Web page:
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Dec 03 2013

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Viiiiva Heart Rate Monitor

viiiivaOne of the things I like to do when I’m cycling, is keep track of various statistics related to my ride.

This includes things like speed, cadence (how fast I’m peddling), and heart rate.

To do this, I have a number of sensors that connect to my bike computer (Garmin Edge 810).  The sensors communicate with the bike computer using a low power communication mechanism called ANT+.

There are, however, some advantages of being able to track the sensor data on my iPhone in the various fitness apps (Strava, Endomondo, iBiker, etc).  The problem is that the iPhone needs an adapter to receive the ANT+ signal.  It’s not a big adapter, roughly the size of a charging cable connector.  In addition, the adapter is currently only available for iPhone 4S’s and earlier … it uses the 30 pin connector.  There are no ANT+ adapters for iPhone 5’s & newer (which use the lightning connector).

iPhone 4S’s & newer do have a variation of Bluetooth called “Bluetooth Smart” … also known as Bluetooth Low Energy (BTLE).  SOME fitness sensors support BTLE, but very few support both BTLE and ANT+.

This is where the 4iiii Viiiiva Heart Rate Monitor comes in.  It functions as a heart rate monitor with both ANT+ and BTLE communication.  In addition, it can act as a BRIDGE between other ANT+ sensors and feed the data via BTLE.

The Viiiiva will act as a basic heart rate monitor, broadcasting the data over both ANT+ and BTLE.  This is great if you only want  a single heart rate monitor that will work with both an ANT+ receiving device (like a bike computer) AND a device that can only receive BTLE (like a smartphone with a fitness app).  For this alone,  I find the Viiiiva a useful device.

What’s unique about the Viiiiva is when it’s configured to act as a bridge between ANT+ devices and BTLE receivers.  In this mode the Viiiiva will receive data from various ANT+ sensors and re-transmit the data via BTLE to an iPhone or other compatible device.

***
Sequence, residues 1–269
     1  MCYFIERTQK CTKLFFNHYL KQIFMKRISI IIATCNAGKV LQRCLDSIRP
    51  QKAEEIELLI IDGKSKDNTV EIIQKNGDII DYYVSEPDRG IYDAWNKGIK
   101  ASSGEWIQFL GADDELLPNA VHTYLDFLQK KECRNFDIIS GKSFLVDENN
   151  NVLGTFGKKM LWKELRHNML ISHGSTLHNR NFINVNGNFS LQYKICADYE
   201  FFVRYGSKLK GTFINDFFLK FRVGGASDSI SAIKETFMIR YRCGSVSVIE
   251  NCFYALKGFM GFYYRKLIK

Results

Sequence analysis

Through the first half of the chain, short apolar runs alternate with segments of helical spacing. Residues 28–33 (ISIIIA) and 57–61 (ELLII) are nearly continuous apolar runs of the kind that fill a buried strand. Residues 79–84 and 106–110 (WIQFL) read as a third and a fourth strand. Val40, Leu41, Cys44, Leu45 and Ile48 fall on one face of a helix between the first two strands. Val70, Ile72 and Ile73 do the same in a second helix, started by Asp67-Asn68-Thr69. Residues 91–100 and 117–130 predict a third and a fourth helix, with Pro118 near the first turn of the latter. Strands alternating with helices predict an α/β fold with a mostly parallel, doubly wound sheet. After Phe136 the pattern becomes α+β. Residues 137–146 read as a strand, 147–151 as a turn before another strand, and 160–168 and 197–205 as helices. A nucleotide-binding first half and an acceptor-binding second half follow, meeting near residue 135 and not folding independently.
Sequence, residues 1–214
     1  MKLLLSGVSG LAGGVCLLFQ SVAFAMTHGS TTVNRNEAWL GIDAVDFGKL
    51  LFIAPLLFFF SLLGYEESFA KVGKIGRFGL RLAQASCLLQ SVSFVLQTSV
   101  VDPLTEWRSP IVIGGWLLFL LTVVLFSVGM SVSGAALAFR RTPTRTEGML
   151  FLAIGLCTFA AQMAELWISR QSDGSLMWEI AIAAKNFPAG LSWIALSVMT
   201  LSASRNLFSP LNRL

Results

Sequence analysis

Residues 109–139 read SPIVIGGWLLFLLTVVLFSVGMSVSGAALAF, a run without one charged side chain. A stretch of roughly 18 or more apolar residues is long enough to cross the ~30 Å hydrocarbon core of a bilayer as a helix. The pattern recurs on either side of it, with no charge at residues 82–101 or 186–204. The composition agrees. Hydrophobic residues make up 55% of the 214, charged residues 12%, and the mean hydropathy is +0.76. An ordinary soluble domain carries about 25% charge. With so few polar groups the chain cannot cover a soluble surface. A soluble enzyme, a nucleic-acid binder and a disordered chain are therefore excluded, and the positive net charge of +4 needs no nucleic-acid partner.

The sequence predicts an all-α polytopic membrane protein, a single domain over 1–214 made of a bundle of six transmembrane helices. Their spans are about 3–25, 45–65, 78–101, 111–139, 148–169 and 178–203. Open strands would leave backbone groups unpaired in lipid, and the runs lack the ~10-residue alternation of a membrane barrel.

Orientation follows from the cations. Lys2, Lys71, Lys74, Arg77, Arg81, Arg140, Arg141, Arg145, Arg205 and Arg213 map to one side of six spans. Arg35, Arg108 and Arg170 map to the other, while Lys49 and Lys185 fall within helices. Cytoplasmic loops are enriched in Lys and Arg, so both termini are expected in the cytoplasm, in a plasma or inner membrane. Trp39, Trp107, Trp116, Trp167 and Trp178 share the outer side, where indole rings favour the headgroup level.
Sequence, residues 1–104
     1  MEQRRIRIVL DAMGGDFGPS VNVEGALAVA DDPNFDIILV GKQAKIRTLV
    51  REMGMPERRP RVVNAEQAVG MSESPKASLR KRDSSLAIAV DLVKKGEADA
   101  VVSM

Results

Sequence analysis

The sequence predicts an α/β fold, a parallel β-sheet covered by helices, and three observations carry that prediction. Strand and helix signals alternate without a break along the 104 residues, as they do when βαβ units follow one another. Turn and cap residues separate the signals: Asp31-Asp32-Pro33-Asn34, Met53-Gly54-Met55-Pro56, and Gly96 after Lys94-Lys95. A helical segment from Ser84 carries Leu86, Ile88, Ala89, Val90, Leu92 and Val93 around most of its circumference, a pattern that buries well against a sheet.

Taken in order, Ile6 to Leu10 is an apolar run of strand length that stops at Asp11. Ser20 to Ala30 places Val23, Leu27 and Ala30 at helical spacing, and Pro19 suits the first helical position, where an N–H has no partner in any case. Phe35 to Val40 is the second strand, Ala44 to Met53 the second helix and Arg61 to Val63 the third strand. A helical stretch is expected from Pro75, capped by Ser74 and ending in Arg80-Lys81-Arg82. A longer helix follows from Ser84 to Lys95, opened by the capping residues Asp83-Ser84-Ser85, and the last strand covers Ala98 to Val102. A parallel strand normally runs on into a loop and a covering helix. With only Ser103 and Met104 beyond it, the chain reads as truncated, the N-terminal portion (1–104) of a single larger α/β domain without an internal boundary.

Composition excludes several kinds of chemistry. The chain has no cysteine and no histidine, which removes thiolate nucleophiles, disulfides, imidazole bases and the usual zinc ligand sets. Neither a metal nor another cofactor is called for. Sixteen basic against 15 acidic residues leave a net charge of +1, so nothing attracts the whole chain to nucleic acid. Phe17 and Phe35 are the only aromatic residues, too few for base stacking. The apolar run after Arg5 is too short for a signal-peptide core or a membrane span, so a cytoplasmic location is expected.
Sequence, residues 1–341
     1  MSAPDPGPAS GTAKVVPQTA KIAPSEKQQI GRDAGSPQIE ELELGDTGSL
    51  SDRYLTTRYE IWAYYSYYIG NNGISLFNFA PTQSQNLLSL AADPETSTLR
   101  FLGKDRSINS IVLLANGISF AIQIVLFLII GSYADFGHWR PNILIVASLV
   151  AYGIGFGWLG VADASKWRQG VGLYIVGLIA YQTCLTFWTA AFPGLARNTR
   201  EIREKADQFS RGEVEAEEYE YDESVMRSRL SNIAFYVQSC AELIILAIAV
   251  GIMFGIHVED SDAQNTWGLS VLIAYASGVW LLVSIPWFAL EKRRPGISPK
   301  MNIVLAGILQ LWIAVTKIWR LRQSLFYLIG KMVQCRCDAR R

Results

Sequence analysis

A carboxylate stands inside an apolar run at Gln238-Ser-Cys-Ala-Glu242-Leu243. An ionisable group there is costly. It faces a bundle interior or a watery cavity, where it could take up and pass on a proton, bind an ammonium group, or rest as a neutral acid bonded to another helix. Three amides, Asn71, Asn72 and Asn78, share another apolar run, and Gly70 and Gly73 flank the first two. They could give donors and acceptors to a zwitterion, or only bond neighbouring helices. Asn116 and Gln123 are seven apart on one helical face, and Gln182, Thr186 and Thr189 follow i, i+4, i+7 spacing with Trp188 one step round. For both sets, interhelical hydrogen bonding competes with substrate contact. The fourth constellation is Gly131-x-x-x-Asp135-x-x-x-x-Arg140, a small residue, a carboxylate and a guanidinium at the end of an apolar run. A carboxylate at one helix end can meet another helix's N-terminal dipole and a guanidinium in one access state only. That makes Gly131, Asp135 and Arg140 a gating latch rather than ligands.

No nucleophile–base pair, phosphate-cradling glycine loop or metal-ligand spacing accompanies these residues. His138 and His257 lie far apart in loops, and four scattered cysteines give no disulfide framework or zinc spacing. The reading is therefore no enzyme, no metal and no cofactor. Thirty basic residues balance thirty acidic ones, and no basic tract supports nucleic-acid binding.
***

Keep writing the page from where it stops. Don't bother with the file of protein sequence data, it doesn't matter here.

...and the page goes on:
In theory this is a great idea … it allows you the flexibility of using sensors compatible with most bike computers with the smartphone apps, without needing a special adapter.  Because ANT+ broadcasts to any device listening, you can use ANT+ sensors with  ANT+ compatible devices AND a BTLE device.

This is great for investment protection.

There is, however, a catch.

The protocol that the Viiiiva uses to broadcast multiple devices over a single Bluetooth connection isn’t supported by most fitness apps.  There are only 3 apps that support the protocol that I’m aware of.  Strava, Endomondo, iBiker, etc, all support BTLE … but not the data coming from the Viiiiva.

The company that develops the Viiiiva have a workaround … of sorts.

If the app that you are connecting to does not support the multi-device protocol, it switches to a round robin mode … where it will connect one of the devices it’s bridging, transmit data, then disconnect and reconnect with the next device it’s bridging.  This goes on for all the devices it’s bridging.

This results in the fitness app thinking that the devices that the Viiiiva isn’t currently transmitting has disconnected.  In fact the Bluetooth icon on the iPhone display actually shows a disconnect and reconnect each time the Viiiiva switches devices.

Below is an example of my cadence on a recent ‘ride’ on my bike trainer using the iBiker app.

cadence


Notice how the value drops to zero frequently?

Here is an example of my cadence on another ride, when I was using the ANT+ adapter to receive the data (again using iBiker)…

cadence


No dropouts at all … the only dips in the data were from when I actually did slow my pedaling.

I REALLY would like the Viiiiva to work as advertised … and when (if) the fitness app vendors add support for it, I’m sure it will be a boon.  Until the specific multi-device protocol it uses is adopted, it’s just a slightly more expensive ANT+ & BTLE heart rate monitor.

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